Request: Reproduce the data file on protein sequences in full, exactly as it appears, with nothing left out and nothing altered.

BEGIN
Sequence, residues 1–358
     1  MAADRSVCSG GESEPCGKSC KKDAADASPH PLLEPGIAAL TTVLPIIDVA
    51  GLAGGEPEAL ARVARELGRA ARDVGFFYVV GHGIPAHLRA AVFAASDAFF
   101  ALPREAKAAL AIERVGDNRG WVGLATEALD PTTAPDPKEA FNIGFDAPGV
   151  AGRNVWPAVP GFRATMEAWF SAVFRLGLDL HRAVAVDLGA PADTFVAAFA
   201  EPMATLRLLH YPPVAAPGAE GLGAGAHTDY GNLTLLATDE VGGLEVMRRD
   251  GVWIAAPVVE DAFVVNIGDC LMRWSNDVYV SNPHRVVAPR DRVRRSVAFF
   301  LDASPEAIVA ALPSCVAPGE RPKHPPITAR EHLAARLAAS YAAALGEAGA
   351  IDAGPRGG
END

Sequence, residues 1–358
     1  MAADRSVCSG GESEPCGKSC KKDAADASPH PLLEPGIAAL TTVLPIIDVA
    51  GLAGGEPEAL ARVARELGRA ARDVGFFYVV GHGIPAHLRA AVFAASDAFF
   101  ALPREAKAAL AIERVGDNRG WVGLATEALD PTTAPDPKEA FNIGFDAPGV
   151  AGRNVWPAVP GFRATMEAWF SAVFRLGLDL HRAVAVDLGA PADTFVAAFA
   201  EPMATLRLLH YPPVAAPGAE GLGAGAHTDY GNLTLLATDE VGGLEVMRRD
   251  GVWIAAPVVE DAFVVNIGDC LMRWSNDVYV SNPHRVVAPR DRVRRSVAFF
   301  LDASPEAIVA ALPSCVAPGE RPKHPPITAR EHLAARLAAS YAAALGEAGA
   351  IDAGPRGG